Some key Senate Republicans are fed up with the saga over permanent nuclear-waste storage. And they may not shield Sen. Dean Heller, a politically endangered colleague, for much longer.
Those lawmakers are lining up behind legislation to send nuclear waste to Yucca Mountain as the House prepares to sign off on the bill overwhelmingly Thursday. House passage will move the politically thorny nuclear-waste issue closer towards resolution than it has been in decades.
But the vote, which was put on the schedule by House Majority Leader Kevin McCarthy, reportedly a close friend of Heller’s, is something of a slap in the face for the Nevadan. And the declarations of support from Republican colleagues add insult to injury.
Many Senate Republicans say permanent storage is simply too important to sideline.
“I’m glad [the House is] getting on the bill. I honestly think the time has come over here that we will take something up like that and get serious about it,” Sen. David Perdue told National Journal. “I’m sensitive to the political dynamics. I’ve actually talked to Dean about it, but I believe this is one that’s time has come.”
Heller is set to face off against Rep. Jacky Rosen, who also opposes the project, in the upcoming midterm election. Hillary Clinton won Nevada in 2016, and Heller is widely considered one of the most vulnerable senators. An April poll, conducted by the Mellman Group and released by The Nevada Independent, put Heller up 1 point—40 to 39.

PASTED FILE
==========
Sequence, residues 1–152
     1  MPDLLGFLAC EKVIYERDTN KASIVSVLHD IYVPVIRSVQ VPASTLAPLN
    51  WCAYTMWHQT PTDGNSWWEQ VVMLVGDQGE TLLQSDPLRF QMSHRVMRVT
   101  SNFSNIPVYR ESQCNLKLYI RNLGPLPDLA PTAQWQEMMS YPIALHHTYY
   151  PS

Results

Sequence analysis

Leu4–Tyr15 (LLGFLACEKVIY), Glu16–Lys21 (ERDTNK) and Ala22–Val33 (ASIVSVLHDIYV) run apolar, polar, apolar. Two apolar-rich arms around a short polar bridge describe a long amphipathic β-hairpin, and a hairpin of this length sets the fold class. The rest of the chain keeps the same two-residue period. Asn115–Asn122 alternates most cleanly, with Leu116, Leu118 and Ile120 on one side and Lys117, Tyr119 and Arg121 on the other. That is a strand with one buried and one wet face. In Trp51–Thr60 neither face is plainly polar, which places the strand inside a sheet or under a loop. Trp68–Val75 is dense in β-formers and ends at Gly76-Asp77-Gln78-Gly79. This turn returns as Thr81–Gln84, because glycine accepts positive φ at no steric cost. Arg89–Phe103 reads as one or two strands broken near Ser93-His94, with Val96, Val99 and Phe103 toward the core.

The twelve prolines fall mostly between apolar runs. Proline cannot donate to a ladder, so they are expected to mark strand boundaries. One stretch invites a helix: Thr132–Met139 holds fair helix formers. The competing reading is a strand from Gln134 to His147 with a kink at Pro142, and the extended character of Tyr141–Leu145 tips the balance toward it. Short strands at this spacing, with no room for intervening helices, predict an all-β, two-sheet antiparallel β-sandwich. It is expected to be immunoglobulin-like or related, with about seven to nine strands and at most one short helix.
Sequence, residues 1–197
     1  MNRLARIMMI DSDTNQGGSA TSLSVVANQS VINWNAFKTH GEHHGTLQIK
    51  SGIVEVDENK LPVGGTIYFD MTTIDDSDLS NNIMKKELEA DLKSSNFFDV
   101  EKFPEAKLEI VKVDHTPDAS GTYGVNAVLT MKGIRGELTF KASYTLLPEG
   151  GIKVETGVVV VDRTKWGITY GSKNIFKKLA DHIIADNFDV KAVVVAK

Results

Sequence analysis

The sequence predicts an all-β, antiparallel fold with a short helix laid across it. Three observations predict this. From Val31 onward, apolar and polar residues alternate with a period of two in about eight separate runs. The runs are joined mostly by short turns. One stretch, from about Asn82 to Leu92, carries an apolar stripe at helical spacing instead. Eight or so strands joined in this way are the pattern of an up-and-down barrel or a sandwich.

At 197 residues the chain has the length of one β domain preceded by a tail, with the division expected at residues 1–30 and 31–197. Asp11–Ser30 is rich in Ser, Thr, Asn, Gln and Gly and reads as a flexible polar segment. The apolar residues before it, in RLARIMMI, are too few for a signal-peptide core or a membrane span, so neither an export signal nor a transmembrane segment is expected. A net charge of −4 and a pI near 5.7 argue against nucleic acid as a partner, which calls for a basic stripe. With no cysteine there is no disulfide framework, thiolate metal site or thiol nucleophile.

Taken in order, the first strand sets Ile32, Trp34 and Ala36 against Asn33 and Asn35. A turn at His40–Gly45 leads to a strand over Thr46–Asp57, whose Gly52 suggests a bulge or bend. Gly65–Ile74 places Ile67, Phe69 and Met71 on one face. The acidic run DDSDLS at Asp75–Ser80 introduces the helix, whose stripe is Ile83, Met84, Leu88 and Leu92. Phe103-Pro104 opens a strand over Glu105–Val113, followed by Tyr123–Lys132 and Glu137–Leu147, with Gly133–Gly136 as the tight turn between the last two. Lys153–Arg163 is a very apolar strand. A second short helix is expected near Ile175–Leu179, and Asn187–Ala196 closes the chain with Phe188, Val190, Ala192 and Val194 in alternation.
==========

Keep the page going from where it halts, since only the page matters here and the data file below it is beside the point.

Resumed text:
Senate Majority Leader Mitch McConnell likely aims to bolster Heller’s chances by stalling movement on legislation to bring nuclear waste to Yucca, a proposal largely despised by Nevada’s political class. Heller continues to tout his opposition as the bulwark against the House legislation and regular appropriations for permanent storage.
“Just as I have in the past, I will continue to serve as a roadblock to every effort to make Nevada our nation’s nuclear-waste dump,” Heller told National Journal in a statement. “This vote is nothing but a futile exercise because as long as I am in the U.S. Senate, Yucca Mountain is dead. It is literally that simple.”
But Heller is far from a heavyweight in the upper chamber. Nevada Gov. Brian Sandoval appointed Heller to the Senate in 2011, and the former House member and Nevada secretary of state won narrowly the following year. He largely steers clear of the limelight.
Until the outset of the 115th Congress, the now-retired top Senate Democrat and senior Nevada senator, Harry Reid, staved off progress on Yucca. Few, if any, political observers think Heller wields similar influence.
“This is moving forward under a Republican Congress and a Republican-controlled White House,” said Stewart Boss, communications director for Rosen’s campaign. “These are Heller’s close friends and allies who are throwing this on the floor, who put it in Trump’s budget.”
And Republicans are already suggesting the lame-duck session following the November election may provide a window for the legislation.
“We’re going to get this done. And there will be opportunities between now and November, or the day after,” House Energy and Commerce Chairman Greg Walden told reporters this week. “Our goal is to get this to the president’s desk by the end of this Congress.”